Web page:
Someone found a somewhat applicable solution to ease fears such as mine. It's not a phobia. Really.

My favorite is "you won't look good in my clothes." He hee.

They're very cute and available for purchase from Bright & Bold - but when everyone buys them I would be left alone with my (no matter how baseless) fears of mistaken suitcases. Again, it's not a phobia. And it will never happen to me.

Tuesday, March 11, 2008


I don't want to become one of "those" women.

You know, the kind who quits her job after marrying (or first kid), then starts these hobby courses when the kids are off to nursery school. Wait! I am one of "those!"

I found a pottery studio when I first came back to İstanbul - it was not so far from where I lived and gave me a safe, quiet place to work on a pottery wheel by myself.

But dang - it was very expensive. Even if they included the firing and glaze (which they didn't) the price was too much - for no taking lessons and just fiddling around with clay. If I thought I had a minuscule amount of talent in the area, I really would not care about forking over the money.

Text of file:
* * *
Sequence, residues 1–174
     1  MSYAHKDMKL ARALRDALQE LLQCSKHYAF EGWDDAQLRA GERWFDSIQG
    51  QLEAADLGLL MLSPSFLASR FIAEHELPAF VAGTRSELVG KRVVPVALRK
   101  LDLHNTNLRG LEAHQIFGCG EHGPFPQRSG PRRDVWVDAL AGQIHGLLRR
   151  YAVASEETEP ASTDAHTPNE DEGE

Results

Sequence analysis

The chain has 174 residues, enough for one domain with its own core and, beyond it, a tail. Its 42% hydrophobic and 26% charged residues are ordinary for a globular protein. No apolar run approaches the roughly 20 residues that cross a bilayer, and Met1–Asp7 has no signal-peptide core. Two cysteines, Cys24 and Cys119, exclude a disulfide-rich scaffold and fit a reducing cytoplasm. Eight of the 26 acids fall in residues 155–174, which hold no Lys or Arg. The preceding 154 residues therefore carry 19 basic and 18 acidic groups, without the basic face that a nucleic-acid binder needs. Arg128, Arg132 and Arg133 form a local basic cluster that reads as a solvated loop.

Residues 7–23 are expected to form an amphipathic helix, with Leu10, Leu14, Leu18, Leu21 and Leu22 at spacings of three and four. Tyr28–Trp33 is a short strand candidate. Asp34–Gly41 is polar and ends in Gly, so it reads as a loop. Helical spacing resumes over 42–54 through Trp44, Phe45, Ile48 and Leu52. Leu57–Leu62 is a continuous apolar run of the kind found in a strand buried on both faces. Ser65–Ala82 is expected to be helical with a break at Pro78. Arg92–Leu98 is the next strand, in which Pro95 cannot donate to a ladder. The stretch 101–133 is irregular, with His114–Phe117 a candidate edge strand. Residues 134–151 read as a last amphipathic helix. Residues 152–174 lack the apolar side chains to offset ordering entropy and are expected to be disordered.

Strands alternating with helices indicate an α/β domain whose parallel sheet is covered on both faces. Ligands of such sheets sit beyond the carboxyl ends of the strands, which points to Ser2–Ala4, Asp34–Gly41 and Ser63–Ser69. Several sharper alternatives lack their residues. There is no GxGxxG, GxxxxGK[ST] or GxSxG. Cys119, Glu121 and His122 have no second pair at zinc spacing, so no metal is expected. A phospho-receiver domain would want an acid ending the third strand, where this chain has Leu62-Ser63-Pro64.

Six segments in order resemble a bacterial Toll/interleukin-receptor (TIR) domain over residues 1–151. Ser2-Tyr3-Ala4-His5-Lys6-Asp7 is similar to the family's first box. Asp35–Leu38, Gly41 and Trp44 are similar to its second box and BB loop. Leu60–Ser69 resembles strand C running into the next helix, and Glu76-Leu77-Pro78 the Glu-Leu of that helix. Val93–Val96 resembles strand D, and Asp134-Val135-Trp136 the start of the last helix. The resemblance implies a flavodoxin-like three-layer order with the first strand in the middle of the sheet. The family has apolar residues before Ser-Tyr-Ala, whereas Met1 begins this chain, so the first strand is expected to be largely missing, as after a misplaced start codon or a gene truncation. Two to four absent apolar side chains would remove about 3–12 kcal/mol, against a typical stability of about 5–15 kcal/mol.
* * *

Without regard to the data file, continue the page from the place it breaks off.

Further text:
Mind you, the peace of mind I had during those hours were priceless (yeah, I know it sounds like a MasterCard commercial).

If only I could fire up something like this:

Or this:

These were done by Whitney Smith - and available for purchase. She also has a blog - and believe me - she deserves being "getting fanned with palm fronds by the palace slaves .. uhm interns" :)

I will, one day, post pictures of the stuff I made...

Saturday, March 8, 2008

Anybody Out There?

Does anyone wonder who reads this blog? I know two people (hi dad!) (hey ahu!) do so.

The intellectual wonders.

Tuesday, March 4, 2008

Aching Sadness

I had a computer typed letter sized paper on my corkboard while I was going to high school in San Diego. It said: "Deep under the aching sadness that will pass in time I feel I have lost something, I know not what, I know not why."